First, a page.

North Korea: Malnourishment crisis increases for population
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An editorial published in the Rodong Sinmun – the official newspaper of North Korea’s ruling Workers’ party – lashed out at the “cultural penetration” of the South from hairstyles to the spoken word.
The editorial read: “The ideological and cultural penetration under the colourful signboard of the bourgeoisie is even more dangerous than enemies who are taking guns.”
Young North Koreans have been told to stick to their country’s “superior” standard language, which is based on the dialect used in Pyongyang.
The newspaper claimed the future of North Korea’s political system was at stake due to the influence of the South.
It continued: “When the new generations have a sound sense of ideology and revolutionary spirits, the future of a country is bright.
“If not, decades-long social systems and revolution will be perished.
“That is the lesson of blood in the history of the world’s socialist movement.”
This is not the first time Pyongyang has launched a crackdown on the influence of South Korea.
Back in May, Supreme leader Kim Jong-un banned skinny jeans and mullet hair cuts amid fears they will tear the country down like a “damp wall”.
The Rodong SInmun wrote at the time: “History teaches us a crucial lesson that a country can become vulnerable and eventually collapse like a damp wall regardless of its economic and defence power if we do not hold on to our own lifestyle.”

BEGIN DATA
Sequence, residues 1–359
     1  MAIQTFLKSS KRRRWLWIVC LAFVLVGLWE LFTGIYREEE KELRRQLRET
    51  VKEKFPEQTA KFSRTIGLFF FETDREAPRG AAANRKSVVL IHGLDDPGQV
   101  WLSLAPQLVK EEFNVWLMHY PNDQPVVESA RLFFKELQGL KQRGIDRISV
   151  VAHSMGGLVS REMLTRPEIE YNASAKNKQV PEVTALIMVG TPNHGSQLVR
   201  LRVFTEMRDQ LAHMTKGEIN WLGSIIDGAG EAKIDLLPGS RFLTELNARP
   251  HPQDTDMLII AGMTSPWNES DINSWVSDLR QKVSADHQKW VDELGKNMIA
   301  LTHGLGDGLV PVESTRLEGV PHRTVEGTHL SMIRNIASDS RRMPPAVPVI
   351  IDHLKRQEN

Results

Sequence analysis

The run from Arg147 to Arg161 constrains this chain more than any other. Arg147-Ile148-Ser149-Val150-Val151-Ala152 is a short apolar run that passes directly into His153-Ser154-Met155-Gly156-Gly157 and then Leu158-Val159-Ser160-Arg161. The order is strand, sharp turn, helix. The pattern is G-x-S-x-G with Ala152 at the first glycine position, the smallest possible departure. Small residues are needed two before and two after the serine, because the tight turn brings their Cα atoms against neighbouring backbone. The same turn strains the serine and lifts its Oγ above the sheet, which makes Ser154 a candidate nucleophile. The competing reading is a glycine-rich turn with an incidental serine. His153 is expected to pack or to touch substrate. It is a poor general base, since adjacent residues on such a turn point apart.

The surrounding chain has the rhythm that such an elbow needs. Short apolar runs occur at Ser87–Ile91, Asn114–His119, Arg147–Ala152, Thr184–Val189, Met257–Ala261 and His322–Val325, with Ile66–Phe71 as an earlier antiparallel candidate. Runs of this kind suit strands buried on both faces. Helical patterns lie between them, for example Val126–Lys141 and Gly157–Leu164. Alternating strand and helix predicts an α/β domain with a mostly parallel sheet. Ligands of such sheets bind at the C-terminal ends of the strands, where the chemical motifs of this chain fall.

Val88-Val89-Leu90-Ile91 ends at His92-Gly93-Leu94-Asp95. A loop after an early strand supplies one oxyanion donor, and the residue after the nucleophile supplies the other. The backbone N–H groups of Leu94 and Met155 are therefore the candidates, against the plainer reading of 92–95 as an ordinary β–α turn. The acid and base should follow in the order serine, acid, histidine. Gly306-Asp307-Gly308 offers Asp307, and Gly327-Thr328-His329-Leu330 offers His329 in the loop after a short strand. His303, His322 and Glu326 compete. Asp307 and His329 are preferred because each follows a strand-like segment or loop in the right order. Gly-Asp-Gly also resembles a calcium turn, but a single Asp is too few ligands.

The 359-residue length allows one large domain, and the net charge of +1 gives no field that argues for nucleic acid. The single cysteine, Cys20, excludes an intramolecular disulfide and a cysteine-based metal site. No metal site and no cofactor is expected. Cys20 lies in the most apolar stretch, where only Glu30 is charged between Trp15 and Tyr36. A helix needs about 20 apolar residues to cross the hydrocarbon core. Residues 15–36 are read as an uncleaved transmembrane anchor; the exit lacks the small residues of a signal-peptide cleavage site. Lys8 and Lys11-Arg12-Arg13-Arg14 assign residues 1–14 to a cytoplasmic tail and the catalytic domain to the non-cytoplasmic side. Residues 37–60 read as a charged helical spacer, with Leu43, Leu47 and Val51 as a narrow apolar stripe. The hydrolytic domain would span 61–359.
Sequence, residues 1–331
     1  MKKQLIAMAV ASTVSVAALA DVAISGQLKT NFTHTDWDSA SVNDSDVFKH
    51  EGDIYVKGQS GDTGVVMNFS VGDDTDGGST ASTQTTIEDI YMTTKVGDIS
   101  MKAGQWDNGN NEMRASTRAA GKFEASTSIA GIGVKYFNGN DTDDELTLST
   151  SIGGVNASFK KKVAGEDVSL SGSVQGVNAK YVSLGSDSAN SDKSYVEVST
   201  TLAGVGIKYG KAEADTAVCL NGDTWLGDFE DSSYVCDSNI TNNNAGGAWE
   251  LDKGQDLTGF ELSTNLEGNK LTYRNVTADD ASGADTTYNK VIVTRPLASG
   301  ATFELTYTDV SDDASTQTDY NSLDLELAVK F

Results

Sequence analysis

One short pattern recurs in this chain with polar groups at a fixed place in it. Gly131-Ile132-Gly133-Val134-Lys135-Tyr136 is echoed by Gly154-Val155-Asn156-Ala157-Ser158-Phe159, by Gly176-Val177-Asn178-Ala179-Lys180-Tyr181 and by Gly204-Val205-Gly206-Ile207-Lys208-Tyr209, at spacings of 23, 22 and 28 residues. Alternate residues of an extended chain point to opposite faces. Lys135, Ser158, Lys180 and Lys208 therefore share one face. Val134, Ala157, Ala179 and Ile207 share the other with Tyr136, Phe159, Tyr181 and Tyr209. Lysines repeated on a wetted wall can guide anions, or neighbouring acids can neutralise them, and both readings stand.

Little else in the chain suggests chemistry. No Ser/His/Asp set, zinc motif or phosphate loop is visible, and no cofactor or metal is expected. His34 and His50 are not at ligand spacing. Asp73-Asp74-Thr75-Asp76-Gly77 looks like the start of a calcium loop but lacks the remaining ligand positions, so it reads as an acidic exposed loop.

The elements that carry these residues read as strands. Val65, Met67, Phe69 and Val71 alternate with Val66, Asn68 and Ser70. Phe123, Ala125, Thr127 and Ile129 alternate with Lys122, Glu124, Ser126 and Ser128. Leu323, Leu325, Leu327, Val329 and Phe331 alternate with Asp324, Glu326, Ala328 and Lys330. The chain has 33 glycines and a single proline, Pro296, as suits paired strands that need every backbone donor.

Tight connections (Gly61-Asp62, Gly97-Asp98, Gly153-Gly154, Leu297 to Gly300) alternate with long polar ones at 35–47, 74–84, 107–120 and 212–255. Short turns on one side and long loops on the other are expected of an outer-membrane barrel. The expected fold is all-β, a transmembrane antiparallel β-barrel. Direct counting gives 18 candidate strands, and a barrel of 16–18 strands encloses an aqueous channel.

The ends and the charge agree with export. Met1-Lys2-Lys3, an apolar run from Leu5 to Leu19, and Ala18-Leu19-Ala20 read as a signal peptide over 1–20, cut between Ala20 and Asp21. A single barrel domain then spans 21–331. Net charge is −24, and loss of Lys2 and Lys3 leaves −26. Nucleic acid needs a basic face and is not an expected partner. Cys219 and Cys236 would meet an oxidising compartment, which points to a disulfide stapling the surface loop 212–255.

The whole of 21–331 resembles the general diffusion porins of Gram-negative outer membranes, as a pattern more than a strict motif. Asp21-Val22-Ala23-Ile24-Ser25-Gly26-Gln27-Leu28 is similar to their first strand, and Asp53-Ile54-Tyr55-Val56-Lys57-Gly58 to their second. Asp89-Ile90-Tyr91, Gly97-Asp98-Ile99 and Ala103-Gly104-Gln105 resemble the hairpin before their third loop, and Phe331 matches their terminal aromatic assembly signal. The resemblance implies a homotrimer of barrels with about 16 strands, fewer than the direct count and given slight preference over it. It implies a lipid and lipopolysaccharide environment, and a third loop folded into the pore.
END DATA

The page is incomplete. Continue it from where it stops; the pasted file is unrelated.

The newspaper warned young people in Kim Jong-un’s hermit state are more likely to be influenced by the “exotic” lifestyle of capitalism.
The article continued: “We must be wary of even the slightest sign of the capitalistic lifestyle and fight to get rid of them.”
In March, the country began cracking down on pop music, with the Supreme leader likening the industry to “slavery”.
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One of the regime’s propaganda websites compared pop music with “slavery” and said people are bound to “unbelievably unfair contracts”.
They said artists are “bound to unbelievably unfair contracts from an early age, detained at their training and treated as slaves after being robbed of their body, mind and soul by the heads of vicious and corrupt art-related conglomerates”.
Yang Moo-jin, a professor at the University of North Korea Studies, told the Korea Herald: “Kim … is well aware that K-pop or western culture could easily permeate through the younger generation and have a negative impact on the socialist system.
“He knows that these cultural aspects could impose a burden on the system.
“So by stamping them out, Kim is trying to prevent further trouble in the future.”
Keith Howard, from London’s School of Oriental and African Studies, said the only recording company in North Korea is “state-owned” and only approved performances are permitted.
These crackdowns come following a string of new measures introduced in the hermit nation to stop the influence of foreign countries.
Last year, Kim Jong-un’s sister Kim Yo Jong labelled rebels sending leaflets, radios, US currency and Bibles over the border as “human scum”.
As part of a campaign, which has been going on since 2004, defectors have been dropping leaflets opposing the current regime into the nation using hydrogen balloons.
Ms Jong dubbed the defectors as “human scum little short of wild animals who betrayed their own homeland”.
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